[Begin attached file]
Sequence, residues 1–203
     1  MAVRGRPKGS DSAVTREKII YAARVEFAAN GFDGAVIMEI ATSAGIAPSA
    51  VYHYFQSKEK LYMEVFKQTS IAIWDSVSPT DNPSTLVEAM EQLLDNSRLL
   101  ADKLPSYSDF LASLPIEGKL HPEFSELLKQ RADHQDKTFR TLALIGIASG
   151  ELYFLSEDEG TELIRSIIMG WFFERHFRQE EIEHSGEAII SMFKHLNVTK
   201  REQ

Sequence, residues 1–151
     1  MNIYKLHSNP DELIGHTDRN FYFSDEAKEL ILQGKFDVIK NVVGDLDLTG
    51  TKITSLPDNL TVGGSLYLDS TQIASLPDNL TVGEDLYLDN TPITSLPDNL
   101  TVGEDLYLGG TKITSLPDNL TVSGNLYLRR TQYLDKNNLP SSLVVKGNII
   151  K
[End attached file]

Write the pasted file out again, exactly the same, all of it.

Sequence, residues 1–203
     1  MAVRGRPKGS DSAVTREKII YAARVEFAAN GFDGAVIMEI ATSAGIAPSA
    51  VYHYFQSKEK LYMEVFKQTS IAIWDSVSPT DNPSTLVEAM EQLLDNSRLL
   101  ADKLPSYSDF LASLPIEGKL HPEFSELLKQ RADHQDKTFR TLALIGIASG
   151  ELYFLSEDEG TELIRSIIMG WFFERHFRQE EIEHSGEAII SMFKHLNVTK
   201  REQ

Sequence, residues 1–151
     1  MNIYKLHSNP DELIGHTDRN FYFSDEAKEL ILQGKFDVIK NVVGDLDLTG
    51  TKITSLPDNL TVGGSLYLDS TQIASLPDNL TVGEDLYLDN TPITSLPDNL
   101  TVGEDLYLGG TKITSLPDNL TVSGNLYLRR TQYLDKNNLP SSLVVKGNII
   151  K